• presents the baseline specification and in model 2 we add legal origin dummies. We find that firms in the French legal origin countries and transition countries8 have higher constraints relative to firms in countries with English legal origin even after controlling for the rule of law. The results on private and public registry are unchanged with the addition of the legal origin dummies. In models 3, 4 and 5 we control for other aspects of the banking sector environment. We expect that in a country with many government owned banks financing constraints are likely to be higher. In addition, such countries are more likely to have a public registry. However, we find this variable to be insignificant (model 3).9 We also suspect that in a country with a highly concentrated banking system access to finance would be more restricted, but we do not find a significant relation (model 4). In model 5 we inspect whether use of international accounting standards or audited financial statements has an effect on self-reported financing constraints. Coefficients of both accounting information variables are insignificant. Although we are sill unable to completely eliminate the concern that private registry is a proxy for some unobservable element of the institutional environment in a country, it is robust to inclusion of all the available institutional indicators as reported in the table and in additional regressions that are not reported. In the remaining columns in table 4 we focus on interaction effects of registries and firm and environment characteristics. In model 6 we investigate the relationship 8 Strictly speaking “transition” is not a legal origin. There is a debate among international comparative law experts as to the classification of legal traditions in these countries, for example Czech Republic and Hungary are often identified as German legal origin. In our opinion, however, separating this subset set of countries and referring to them as “transition” or “socialist legal origin” is a useful proxy for the institutions and some elements of legal and regulatory structure that these countries inherited. 9 One should be careful interpreting this specification as this variable is not available for many countries and we loose about 1000 observations comparing to the baseline model. 17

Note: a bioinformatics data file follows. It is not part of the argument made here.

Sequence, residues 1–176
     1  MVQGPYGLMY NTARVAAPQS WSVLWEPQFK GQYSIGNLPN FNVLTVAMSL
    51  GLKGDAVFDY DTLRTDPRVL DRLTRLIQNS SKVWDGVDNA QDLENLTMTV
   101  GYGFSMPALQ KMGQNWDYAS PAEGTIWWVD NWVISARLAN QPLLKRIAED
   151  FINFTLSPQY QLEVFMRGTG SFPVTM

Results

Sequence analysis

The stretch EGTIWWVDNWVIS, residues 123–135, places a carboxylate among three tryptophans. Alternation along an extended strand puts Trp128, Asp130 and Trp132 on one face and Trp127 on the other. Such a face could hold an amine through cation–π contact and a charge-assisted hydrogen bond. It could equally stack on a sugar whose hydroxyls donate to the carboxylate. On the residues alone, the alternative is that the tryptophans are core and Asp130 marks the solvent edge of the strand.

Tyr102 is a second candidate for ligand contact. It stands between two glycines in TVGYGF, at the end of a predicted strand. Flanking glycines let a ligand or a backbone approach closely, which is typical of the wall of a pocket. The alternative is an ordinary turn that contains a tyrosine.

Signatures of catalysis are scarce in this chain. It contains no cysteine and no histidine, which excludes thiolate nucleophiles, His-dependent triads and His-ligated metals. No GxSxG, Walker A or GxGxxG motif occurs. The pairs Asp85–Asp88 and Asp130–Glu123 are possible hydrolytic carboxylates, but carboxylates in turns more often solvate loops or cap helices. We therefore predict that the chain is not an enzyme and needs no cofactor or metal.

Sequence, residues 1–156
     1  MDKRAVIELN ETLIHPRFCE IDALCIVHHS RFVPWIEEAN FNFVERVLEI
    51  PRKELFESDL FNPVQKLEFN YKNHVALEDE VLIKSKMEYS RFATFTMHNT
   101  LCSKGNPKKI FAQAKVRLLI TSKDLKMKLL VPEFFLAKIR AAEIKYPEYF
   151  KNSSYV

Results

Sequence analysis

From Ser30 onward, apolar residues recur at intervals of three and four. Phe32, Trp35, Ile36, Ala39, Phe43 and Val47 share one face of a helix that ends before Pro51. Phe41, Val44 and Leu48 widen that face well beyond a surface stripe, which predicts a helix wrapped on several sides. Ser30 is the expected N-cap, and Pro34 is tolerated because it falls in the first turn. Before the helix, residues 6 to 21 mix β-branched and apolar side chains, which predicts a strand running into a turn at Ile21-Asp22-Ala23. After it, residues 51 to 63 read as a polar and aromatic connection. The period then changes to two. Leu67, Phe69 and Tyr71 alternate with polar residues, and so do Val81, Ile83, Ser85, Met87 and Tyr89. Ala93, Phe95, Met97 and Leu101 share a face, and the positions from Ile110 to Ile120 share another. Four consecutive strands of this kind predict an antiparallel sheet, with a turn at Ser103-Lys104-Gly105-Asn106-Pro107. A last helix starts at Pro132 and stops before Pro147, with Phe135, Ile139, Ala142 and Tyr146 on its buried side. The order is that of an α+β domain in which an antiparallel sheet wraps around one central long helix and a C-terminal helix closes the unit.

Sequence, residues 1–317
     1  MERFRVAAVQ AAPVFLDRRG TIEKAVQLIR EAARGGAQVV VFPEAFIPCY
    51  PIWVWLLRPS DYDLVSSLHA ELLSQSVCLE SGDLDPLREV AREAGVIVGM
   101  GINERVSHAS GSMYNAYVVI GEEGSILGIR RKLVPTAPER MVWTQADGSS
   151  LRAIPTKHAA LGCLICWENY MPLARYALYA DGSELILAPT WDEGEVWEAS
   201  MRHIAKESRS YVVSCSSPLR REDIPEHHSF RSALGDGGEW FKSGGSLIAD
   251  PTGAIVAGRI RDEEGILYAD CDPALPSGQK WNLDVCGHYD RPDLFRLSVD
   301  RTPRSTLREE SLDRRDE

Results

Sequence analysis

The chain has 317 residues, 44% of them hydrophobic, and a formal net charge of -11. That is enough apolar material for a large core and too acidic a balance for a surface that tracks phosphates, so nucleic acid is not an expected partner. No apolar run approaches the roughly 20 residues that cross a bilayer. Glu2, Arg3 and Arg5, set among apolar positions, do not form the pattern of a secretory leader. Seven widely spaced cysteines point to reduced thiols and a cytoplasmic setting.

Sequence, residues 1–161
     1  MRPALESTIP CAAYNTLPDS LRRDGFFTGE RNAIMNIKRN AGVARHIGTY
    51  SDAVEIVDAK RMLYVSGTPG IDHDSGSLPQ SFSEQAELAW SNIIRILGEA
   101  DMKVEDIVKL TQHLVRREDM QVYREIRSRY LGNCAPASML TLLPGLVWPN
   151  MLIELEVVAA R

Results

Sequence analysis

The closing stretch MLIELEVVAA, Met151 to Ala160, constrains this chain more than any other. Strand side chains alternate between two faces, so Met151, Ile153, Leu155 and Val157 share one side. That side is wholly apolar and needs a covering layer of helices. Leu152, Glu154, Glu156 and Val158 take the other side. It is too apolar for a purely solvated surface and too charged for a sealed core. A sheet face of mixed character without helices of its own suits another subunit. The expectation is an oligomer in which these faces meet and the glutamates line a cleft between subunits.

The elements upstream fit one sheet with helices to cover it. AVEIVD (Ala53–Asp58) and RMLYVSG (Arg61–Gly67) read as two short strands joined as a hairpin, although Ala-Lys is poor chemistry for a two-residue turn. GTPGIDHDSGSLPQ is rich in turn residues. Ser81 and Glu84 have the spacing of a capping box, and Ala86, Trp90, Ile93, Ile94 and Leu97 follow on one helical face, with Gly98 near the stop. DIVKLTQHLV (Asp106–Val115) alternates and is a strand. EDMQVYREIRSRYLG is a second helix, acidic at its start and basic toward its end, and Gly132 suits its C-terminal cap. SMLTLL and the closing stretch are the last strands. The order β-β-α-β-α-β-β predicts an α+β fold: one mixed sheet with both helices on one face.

• between rule of law and effectiveness of credit registry. We hypothesize that in countries with better rule of law, credit registry should be more effective. For example, enforcement of consumer rights that would allow individuals and firms to question and correct data in the registry is likely to result in better quality of data, and subsequently better predictive power of future borrower behavior. Also better rule of law is likely to be associated with integrity of credit reporting system. As expected, we obtain a strong negative coefficient on the interaction dummy for rule of law and private credit registry. In other words, we find that private credit registries are more effective in reducing perceived financing constraints in countries with stronger rule of law. In model 7 we examine whether existence of a credit bureau makes it easier for an older firm to obtain credit with an interaction of registry dummy and the new firm dummy. Several effects could be at play in determining the relationship between the effectiveness of the registry for older and newer firms. On the one hand, we would expect that as old firms have accumulated a credit history with a registry they should be able to benefit more from the presence of the registry than young firms which have no credit history. This would produce a positive coefficient indicating higher constraints for new firms in countries with a registry. Alternatively, when evaluating creditworthiness of a business, and especially small and medium businesses, bankers take into account personal credit history of the owner.10 This would mean, that in the countries with credit registry obtaining a loan for a new business should not be significantly more difficult than for an old one, if owner credit history is available. Results of regression in model 6 seem to support the latter hypothesis. We do not find significant difference for old and 10 Miller (2003) 18